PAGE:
Agent Link December 2018


Why Nurturing Employees and Customers Is the Key to Retention

Who comes first: employees or customers? When posed this classic business question, Southwest Airlines co-founder Herb Kelleher had an easy answer: employees. “If employees are treated right, they treat the outside world right,” Kelleher explained. As Kelleher knows well, employee-customer relations are a cycle — one that fuels recurring business. Engaged employees deliver services that convert to sales, a fact backed up by a Gallup report. Gallup cited a 20 percent increase in sales as a result of this process. Even as you’re courting leads, you can’t ignore your existing producers. Likewise, even (and especially) as you grow, you have to nurture your employees.The cost of losing either is too high. In the holiday rush it’s important to not lose sight of your priorities. Get them hooked on your service. Have you ever asked a client why they return to your business? Do you think it’s because they can’t find your product or service anywhere else? Probably not.Think about the last time you returned to a restaurant. Was it because it’s the only place in town that makes amazing Thai food? Maybe. It is more likely that you enjoyed the welcoming host, attentive waiter and positive experience you had there. Starbucks is a great example. Even with immense competition, they deliver consistent service and quality products to customers, no matter if they are in Oregon or London. And they do this by providing competitive wages and benefits to their employees along with training and learning opportunities. Employees who are knowledgeable and excited about what they are offering pass their enthusiasm on to customers. Own up to mistakes. Even the best businesses make mistakes. When it happens, own up to it. There’s probably been a time when you put in your order at a restaurant only to receive the wrong thing. How did the business handle it? Did they admit their mistake and offer you a new meal? How a business treats customers when things don’t go smoothly is a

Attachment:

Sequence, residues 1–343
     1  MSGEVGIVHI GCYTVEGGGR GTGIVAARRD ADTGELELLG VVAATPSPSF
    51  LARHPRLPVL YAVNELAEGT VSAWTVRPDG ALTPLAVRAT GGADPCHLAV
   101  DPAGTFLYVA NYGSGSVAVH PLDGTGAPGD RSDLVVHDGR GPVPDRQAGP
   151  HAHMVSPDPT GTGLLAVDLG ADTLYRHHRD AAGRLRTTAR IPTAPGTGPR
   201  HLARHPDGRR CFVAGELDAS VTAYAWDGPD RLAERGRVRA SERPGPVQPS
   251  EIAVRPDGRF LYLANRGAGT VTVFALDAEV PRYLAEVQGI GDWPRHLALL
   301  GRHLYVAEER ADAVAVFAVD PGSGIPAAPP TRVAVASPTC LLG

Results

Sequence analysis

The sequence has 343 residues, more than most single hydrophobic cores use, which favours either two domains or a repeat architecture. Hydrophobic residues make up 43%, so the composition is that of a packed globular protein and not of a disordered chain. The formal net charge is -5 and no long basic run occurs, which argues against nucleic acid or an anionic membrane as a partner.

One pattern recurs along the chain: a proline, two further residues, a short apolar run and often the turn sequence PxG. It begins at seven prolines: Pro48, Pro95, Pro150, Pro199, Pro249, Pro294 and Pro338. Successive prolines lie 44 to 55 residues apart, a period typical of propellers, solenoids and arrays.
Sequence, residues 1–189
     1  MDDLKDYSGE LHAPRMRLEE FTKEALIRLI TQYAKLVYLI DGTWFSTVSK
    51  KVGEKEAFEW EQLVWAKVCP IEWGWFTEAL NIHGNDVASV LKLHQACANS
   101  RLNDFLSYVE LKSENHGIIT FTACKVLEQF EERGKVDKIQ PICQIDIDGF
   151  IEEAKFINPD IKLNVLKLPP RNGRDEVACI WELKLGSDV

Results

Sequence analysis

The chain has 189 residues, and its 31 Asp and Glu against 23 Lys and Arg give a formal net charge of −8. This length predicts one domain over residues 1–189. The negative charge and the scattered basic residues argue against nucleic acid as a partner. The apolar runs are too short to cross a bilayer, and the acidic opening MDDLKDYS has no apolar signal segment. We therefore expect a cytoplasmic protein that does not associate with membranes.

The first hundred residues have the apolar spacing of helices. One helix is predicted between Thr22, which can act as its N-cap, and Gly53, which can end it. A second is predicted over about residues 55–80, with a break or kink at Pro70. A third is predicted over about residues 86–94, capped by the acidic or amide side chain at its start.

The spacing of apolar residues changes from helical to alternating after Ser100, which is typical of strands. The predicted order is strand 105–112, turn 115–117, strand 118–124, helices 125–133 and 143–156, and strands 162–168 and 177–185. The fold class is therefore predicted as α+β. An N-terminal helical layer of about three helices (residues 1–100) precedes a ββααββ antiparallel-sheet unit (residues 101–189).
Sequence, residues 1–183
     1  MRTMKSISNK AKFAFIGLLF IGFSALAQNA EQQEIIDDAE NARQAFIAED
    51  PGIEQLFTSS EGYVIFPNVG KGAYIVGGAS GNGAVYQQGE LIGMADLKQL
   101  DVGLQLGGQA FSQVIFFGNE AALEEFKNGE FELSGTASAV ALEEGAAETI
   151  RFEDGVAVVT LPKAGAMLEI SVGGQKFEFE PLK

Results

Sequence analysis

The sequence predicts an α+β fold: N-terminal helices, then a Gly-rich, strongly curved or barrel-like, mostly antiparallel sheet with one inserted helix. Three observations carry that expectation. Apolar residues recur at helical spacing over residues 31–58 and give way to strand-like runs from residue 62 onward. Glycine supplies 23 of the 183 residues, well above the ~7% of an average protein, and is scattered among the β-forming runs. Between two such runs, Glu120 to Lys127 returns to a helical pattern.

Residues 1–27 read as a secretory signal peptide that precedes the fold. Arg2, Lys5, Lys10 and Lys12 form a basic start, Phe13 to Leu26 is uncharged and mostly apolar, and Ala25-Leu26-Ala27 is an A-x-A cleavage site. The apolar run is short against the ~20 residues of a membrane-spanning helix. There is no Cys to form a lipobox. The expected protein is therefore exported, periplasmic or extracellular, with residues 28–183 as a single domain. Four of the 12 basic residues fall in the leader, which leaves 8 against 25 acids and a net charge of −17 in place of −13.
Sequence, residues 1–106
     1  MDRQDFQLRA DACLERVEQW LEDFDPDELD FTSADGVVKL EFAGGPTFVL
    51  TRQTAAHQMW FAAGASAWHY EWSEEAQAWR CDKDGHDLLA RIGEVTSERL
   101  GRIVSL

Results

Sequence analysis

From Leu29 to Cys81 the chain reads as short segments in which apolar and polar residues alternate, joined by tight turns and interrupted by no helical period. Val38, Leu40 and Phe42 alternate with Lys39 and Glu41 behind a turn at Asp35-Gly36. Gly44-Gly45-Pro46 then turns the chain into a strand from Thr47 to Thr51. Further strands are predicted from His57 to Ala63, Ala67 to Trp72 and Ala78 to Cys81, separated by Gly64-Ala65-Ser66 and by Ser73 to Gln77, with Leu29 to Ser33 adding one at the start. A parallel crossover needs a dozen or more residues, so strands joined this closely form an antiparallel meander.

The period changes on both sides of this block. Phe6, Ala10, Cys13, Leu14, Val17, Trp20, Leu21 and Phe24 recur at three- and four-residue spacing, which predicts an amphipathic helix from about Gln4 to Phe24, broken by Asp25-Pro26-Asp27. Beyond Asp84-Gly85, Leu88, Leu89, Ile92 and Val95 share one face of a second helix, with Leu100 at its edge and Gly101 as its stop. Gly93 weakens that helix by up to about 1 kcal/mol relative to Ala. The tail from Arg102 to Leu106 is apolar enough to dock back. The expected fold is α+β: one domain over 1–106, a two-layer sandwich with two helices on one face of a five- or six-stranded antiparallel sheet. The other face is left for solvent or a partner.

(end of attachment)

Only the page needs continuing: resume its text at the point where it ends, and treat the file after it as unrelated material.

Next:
Strategic Planning f Encourage Producers to Get It Done “If you really want to be successful, then focus your thoughts first on ‘getting it right.’ Then focus your efforts on ‘getting it done.’ That’s my advice for you. Think first; then do.” –Verdis Norton, Gillette and Kraft chief strategist and formulator of StrategicLink Every BGA and IMO we know wants to recruit quality producers, contract more of them and have them writing business efficiently in the year to come. As an organization whose success is tied to the producers you contract, you know how valuable they are. So what are you doing to help them? One surefire way to ensure better results in 2019 is to motivate your agents and advisors. In their article “Think More, Do More,” Tyler Norton, founder of StrategicLink, and Jerry M. Toombs, 26- year Million Dollar Round Table member, describe how strategic planning techniques can motivate your producers to deliver results in the coming year. Stimulating a Change in Perspective Norton’s strategic planning starts with careful assessments to identify critical issues. Norton and Toombs are aware of the potential pitfalls here; namely producers who are used to the “just do it” mentality, but have identified a way to overcome them. By posing challenges as

good indication of how they’ll handle adversity in general. That reaction starts with employees. Set the precedent for employees that a mistake is their opportunity to go above and beyond. A transparent environment will make employees feel more comfortable, which will make producers excited, rather than apprehensive, to engage with your organization again.


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